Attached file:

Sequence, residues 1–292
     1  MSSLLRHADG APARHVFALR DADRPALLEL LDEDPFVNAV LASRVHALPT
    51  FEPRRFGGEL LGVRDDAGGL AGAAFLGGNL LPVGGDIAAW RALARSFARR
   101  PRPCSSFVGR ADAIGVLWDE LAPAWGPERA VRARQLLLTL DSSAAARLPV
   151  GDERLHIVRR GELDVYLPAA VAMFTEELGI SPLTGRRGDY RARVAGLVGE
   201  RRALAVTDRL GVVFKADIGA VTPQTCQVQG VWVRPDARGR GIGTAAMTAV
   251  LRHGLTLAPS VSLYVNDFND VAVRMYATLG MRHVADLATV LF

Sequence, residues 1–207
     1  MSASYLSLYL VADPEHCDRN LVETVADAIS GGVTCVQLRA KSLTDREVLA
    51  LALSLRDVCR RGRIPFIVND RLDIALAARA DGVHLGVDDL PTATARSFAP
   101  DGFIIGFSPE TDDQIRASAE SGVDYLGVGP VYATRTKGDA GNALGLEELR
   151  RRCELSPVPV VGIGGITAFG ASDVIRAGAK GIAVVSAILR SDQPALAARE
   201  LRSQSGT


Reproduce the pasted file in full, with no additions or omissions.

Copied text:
Sequence, residues 1–292
     1  MSSLLRHADG APARHVFALR DADRPALLEL LDEDPFVNAV LASRVHALPT
    51  FEPRRFGGEL LGVRDDAGGL AGAAFLGGNL LPVGGDIAAW RALARSFARR
   101  PRPCSSFVGR ADAIGVLWDE LAPAWGPERA VRARQLLLTL DSSAAARLPV
   151  GDERLHIVRR GELDVYLPAA VAMFTEELGI SPLTGRRGDY RARVAGLVGE
   201  RRALAVTDRL GVVFKADIGA VTPQTCQVQG VWVRPDARGR GIGTAAMTAV
   251  LRHGLTLAPS VSLYVNDFND VAVRMYATLG MRHVADLATV LF

Sequence, residues 1–207
     1  MSASYLSLYL VADPEHCDRN LVETVADAIS GGVTCVQLRA KSLTDREVLA
    51  LALSLRDVCR RGRIPFIVND RLDIALAARA DGVHLGVDDL PTATARSFAP
   101  DGFIIGFSPE TDDQIRASAE SGVDYLGVGP VYATRTKGDA GNALGLEELR
   151  RRCELSPVPV VGIGGITAFG ASDVIRAGAK GIAVVSAILR SDQPALAARE
   201  LRSQSGT